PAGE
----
Thought Police: The Threat to Internet Freedom
On January 18, tens of millions of Web sites across the Internet shuttered or went black for 24 hours in protest of the proposed Stop Online Piracy Act (SOPA) and the Protect IP Act (PIPA), congressional bills that would have effectively put a clamp on the free and open Internet in the name of “stopping piracy.”
The blackout was the biggest online protest in the history of the internet; participants included individual blogs as well as behemoths like Google, Wikipedia, Flickr, and Tumblr. The argument was that the bills as drafted did nothing to stop piracy, and everything to concentrate the Internet into the hands of huge corporations. Opponents warned that should either bill be passed, our freedoms on the Internet would be censored, and our experience more akin to those living in oppressive countries like China and Egypt.
“Supporters claim the bills target ‘rogue’ foreign websites that encourage online infringement,” wrote Internet advocacy group Electronic Frontier Foundation (EFF), “but their real effect would be to slow down job-creating tech innovations at home and create devastating new tools for silencing legitimate speech all around the web.” Most of Congress appeared to support SOPA and PIPA, barring four senators—Maria Cantwell, D-Wash.; Ron Wyden, D-Oregon; Rand Paul R-Kentucky; and Jerry Moran, R-Kansas—who promised to filibuster if SOPA passed.
For now, they don’t have to. After the outpouring of protest (and President Obama’s lack of support), the bills were shelved. SOPA creator Lamar Smith, who was caught violating some of the tenets of his own bill on his Web site, withdrew the bill, telling Reuters, “I have heard from the critics and I take seriously their concerns regarding proposed legislation to address the problem of online piracy.” Participants and organizations who’d opposed the bill cheered. An email sent from Fight for the Future read, “Freedom is winning.”
But one part of EFF’s missive proved prescient: that propositions like SOPA and PIPA “silence legitimate speech. Rightsholders, ISPs, or the government could shut down sites with accusations of infringement, and without real due process.”
While the Internet was celebrating the blacklist bills' shift to the backburner, the government was doing just that. In a power move that felt like a slap on the face to all the people who stood against SOPA/PIPA, on January 19, the FBI seized the domain of super-popular filesharing site MegaUpload, accusing its purveyors of “massive worldwide online piracy of numerous types of copyrighted works.”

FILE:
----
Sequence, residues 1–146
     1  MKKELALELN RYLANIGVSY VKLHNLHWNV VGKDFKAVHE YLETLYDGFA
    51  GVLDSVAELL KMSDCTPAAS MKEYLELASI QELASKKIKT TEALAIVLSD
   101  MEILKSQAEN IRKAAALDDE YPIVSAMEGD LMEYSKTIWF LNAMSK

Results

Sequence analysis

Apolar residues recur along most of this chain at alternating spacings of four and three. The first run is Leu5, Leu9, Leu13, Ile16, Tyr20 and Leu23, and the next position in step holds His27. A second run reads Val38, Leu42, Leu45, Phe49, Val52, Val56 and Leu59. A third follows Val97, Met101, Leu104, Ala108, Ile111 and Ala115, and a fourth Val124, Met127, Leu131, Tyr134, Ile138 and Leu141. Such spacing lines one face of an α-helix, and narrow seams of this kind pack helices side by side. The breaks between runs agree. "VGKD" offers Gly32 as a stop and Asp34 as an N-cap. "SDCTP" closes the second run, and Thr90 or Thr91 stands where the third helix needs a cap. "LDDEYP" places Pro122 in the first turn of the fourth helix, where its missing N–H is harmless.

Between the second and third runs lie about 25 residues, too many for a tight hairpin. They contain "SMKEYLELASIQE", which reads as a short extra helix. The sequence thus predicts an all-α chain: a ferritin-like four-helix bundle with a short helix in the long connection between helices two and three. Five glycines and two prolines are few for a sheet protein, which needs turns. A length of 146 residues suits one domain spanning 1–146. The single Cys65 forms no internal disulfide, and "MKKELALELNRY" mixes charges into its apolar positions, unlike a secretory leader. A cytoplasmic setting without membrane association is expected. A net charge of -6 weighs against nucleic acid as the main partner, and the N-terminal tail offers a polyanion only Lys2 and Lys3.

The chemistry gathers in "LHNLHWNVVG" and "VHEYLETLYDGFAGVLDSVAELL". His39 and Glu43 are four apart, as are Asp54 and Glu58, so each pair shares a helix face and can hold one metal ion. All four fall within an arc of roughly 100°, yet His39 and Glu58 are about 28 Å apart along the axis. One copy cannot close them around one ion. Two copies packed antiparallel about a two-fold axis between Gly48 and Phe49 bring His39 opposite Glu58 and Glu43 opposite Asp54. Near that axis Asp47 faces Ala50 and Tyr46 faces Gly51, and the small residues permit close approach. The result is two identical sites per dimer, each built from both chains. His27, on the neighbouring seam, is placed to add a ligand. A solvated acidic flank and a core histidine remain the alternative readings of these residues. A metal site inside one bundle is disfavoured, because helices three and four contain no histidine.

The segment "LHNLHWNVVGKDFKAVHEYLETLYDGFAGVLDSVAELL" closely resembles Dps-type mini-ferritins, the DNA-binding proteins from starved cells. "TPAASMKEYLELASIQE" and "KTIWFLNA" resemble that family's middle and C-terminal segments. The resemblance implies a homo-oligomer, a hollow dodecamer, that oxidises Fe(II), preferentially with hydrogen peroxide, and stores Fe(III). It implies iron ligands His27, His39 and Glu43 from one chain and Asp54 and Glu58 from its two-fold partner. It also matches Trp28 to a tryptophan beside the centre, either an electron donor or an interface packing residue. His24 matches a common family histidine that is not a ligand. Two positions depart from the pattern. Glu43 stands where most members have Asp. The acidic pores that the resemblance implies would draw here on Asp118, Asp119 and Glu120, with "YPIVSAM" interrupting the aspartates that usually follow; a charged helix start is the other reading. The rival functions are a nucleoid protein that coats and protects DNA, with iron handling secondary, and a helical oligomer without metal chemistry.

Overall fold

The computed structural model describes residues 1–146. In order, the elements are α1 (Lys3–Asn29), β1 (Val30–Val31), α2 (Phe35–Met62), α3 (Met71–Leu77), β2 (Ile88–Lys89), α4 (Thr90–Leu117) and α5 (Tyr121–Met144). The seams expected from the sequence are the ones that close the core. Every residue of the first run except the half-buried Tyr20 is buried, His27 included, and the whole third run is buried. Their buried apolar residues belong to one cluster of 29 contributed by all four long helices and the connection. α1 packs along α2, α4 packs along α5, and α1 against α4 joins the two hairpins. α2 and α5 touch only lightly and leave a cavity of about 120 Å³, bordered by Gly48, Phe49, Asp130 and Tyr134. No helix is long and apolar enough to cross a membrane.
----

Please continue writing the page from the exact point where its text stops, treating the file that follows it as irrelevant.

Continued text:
MegaUpload had been a target of corporate-protector organizations like the Motion Picture Association of America (MPAA) and the Recording Industry Association of America (RIAA) for what they called widespread copyright infringement on the site—despite cooperative efforts by MegaUpload to stop said copyright infringement. Organizations like MPAA and RIAA tend to put forth the artists they represent as the poor victims of piracy, yet MegaUpload appeared to have many artists’ full support.
Just a week earlier, the site released a promotional video with a jingle sung by superstars of the pop world like Kanye West, the Black Eyed Peas’ will.i.am and Kim Kardashian. (It was later revealed at the time of the site’s seizure that Alicia Keys’ husband, the highly regarded hip-hop producer Swizz Beats, was in talks to become MegaUpload’s CEO.) As DSL Reports points out, MegaUpload “had also been building a system that directly compensated artists. The crime wasn't conspiracy -- it was cutting out the RIAA/MPAA middlemen. Then flaunting it.”
The premise that Internet piracy is harming American workers and that bills like SOPA “protect the products and jobs that rightly belong to American innovators,” as Lamar Smith put it, is patently untrue. EFF has done comprehensive work to discredit the smokescreen that blacklist bills put forth about the economics of artists and piracy, most notably in this essential report. Related to the arts industry, it says:
“Despite all the sturm und drang, the movie and music companies contribute the same amount to the economy that they did before file sharing was mainstream—in both 2011 and 1995 their contribution to total GDP was 0.4%. Even better news for them: the Bureau of Labor Statistics gives a wholly positive outlook on future job prospects in the movie industry. This is evidenced by the fact that Warner Brothers just posted a record profit for the third quarter and why Viacom just gave their CEO a $50 million raise.”